Fendi’s Dolce Vita – The New York Times


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The Fendi finale, at the Trevi Fountain in Rome.

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Valerio Mezzanotti for The New York Times

ROME — It’s hard to hold a newsworthy fashion show these days. Collections have been shown, after all, on the Great Wall of China, on a 9/11 anniversary and in Blenheim Palace in England. Yet Thursday evening in Rome, Fendi managed to add to the canon.

How?

By having models walk on water, of course.

The setting was the Trevi Fountain at sunset, and the occasion was the brand’s 90th anniversary and its second haute fourrure show. Four years ago, Pietro Beccari, then newly appointed chief executive, decided it was in the brand’s best interest to associate itself more intimately with the city of its birth. He added “Roma” to the logo and began a project to sponsor the restoration of the city’s fountains, starting with the one where Anita Ekberg once romped for “La Dolce Vita.” The Trevi initiative was completed in the fall, and 2.6 million euros, or $2.9 million, later, it was payback time.

Still, Mr. Beccari said just before the show, “it was a miracle it happened at all.”

Politics, after all, waits for no fashion season, and this is a time of uncertainty in Italy. Since Fendi’s original offer to help Rome, the city has had no fewer than four leaders, the most recent — from the anti-establishment Five Star Movement — elected just weeks before the show.


Slide Show

Fendi: Fall 2016

CreditValerio Mezzanotti/Nowfashion


“We got the final go-ahead at 1 p.m. the afternoon before,” Mr. Beccari revealed in a dinner toast after the event. But that didn’t stop the brand from emptying the fountain, building a glass catwalk almost 200 feet long, and filling it up again — or persuading the 97 merchants in its immediate vicinity to close early for the day. It was a good thing, because, in a rare example of contextual alchemy, the conjunction of site and subject gave proof positive of the show’s title, “Legends and Fairy Tales.”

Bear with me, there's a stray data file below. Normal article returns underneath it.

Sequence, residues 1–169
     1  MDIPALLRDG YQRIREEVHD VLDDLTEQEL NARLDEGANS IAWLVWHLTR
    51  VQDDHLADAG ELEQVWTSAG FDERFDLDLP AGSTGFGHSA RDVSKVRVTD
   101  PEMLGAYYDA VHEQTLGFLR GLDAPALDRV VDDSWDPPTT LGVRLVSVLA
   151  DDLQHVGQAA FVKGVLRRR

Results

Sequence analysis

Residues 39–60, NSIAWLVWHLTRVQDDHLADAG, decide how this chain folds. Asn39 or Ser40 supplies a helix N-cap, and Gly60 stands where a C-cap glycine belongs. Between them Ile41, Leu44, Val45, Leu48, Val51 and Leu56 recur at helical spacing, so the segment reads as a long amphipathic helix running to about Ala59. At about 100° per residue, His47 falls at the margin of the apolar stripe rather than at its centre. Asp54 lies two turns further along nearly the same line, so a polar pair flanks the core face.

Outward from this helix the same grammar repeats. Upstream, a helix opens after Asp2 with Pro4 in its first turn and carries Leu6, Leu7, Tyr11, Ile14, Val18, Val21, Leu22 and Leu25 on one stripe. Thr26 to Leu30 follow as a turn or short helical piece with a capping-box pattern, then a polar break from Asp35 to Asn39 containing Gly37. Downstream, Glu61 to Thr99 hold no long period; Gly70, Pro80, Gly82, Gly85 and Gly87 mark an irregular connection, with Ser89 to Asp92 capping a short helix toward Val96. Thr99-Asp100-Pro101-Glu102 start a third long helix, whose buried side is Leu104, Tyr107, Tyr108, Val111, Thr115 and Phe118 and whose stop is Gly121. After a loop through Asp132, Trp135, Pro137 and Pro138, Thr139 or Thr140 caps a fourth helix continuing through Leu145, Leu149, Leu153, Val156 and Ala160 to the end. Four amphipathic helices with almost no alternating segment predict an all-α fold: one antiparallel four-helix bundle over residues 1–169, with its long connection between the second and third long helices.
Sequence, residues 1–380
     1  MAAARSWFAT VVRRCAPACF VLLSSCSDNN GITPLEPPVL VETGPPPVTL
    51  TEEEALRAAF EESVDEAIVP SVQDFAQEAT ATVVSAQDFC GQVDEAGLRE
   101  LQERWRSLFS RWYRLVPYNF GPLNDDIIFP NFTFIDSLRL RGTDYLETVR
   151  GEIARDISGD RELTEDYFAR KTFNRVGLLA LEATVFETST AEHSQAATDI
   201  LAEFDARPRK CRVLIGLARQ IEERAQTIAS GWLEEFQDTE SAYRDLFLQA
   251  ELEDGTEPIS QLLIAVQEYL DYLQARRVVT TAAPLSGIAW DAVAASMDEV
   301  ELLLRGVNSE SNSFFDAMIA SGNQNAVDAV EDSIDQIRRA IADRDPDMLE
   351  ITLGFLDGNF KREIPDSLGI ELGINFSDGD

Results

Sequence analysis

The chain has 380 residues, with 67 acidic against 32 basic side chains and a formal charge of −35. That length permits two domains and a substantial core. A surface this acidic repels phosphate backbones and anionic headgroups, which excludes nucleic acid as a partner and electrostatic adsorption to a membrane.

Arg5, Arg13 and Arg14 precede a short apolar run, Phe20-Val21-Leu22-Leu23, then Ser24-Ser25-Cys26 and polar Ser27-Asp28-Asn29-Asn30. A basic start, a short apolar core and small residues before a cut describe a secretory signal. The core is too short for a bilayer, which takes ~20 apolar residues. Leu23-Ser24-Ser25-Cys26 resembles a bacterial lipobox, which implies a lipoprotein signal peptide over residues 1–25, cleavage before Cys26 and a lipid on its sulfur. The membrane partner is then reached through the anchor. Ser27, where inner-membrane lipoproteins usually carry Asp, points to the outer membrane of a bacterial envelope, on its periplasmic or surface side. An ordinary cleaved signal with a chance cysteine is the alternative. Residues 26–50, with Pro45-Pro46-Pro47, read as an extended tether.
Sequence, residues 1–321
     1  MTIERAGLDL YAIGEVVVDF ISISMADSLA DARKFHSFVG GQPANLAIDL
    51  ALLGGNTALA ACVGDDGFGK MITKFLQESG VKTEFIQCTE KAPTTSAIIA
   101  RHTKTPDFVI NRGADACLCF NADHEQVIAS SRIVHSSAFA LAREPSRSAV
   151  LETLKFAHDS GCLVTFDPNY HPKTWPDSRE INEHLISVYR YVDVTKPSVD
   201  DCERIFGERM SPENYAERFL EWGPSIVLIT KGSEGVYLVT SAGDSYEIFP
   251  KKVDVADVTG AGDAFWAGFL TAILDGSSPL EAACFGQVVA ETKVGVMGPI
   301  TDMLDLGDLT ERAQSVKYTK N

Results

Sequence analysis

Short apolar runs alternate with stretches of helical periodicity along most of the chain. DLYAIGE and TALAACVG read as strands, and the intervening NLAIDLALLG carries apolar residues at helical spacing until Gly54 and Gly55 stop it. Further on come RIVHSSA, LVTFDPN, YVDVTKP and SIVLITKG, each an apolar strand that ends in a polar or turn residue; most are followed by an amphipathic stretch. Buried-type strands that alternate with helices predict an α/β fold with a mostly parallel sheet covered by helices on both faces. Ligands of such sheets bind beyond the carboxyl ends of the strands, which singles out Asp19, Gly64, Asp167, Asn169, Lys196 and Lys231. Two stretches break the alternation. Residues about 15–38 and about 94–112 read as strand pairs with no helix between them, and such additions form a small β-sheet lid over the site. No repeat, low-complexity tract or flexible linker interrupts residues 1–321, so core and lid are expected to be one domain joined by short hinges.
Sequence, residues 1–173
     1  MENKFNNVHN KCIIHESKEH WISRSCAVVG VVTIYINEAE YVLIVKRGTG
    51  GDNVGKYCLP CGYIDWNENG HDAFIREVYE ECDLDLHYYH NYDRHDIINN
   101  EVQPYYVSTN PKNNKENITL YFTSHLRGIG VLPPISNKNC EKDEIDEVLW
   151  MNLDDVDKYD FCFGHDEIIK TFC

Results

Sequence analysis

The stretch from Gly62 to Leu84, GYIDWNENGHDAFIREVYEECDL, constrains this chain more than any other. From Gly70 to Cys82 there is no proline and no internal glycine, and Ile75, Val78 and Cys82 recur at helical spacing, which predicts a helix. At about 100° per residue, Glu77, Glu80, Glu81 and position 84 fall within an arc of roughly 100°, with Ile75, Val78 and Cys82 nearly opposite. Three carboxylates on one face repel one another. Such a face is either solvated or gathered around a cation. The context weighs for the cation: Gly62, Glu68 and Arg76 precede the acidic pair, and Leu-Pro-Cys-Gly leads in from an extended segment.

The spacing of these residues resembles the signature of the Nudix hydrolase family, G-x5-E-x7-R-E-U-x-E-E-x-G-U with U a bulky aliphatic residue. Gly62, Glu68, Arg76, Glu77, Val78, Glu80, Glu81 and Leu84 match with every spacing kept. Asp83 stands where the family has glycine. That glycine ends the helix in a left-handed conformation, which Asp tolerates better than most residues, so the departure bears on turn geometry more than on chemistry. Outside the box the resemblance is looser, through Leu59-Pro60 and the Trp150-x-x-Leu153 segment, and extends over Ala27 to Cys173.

As water poured from under Oceanus’s feet, spilling over stone sea horses and Tritons, the first of 46 looks appeared: a baby-blue astrakhan princess coat with jeweled embroidery. It was just the start of an eye-popping visual discourse on the art of the possible, which ranged from gossamer-thin crocheted mohair gowns inset with fur roses or traced with leather castles and creatures inspired by the early 20th-century Danish illustrator Kay Nielsen, to evening capes and coats with whole narratives in their wefts.

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Backstage at the Fendi show.

Credit
Valerio Mezzanotti for The New York Times

Even for Fendi, a brand that made its name by demonstrating the multitudinous forms of fur, the clothes were astonishing. “Five or 10 years ago, this could not have been done,” Karl Lagerfeld said before the show.

Whether a woman would want to spend enormous amounts of money to wear a fable on her back was almost besides the point (and as for the dresses, the answer is a straightforward “yes”): More relevant was the fact they could be so written.

Also, the question of, if Fendi did this for its 90th anniversary, what would it do for 100? “Wait and see!” Mr. Beccari said. Beyond the legendary, after all, comes the epic.

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